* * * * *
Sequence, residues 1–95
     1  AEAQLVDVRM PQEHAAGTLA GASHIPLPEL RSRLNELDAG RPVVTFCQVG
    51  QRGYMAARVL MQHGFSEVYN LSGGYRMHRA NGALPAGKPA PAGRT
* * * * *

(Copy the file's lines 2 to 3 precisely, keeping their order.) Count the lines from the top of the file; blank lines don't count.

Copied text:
     1  AEAQLVDVRM PQEHAAGTLA GASHIPLPEL RSRLNELDAG RPVVTFCQVG
    51  QRGYMAARVL MQHGFSEVYN LSGGYRMHRA NGALPAGKPA PAGRT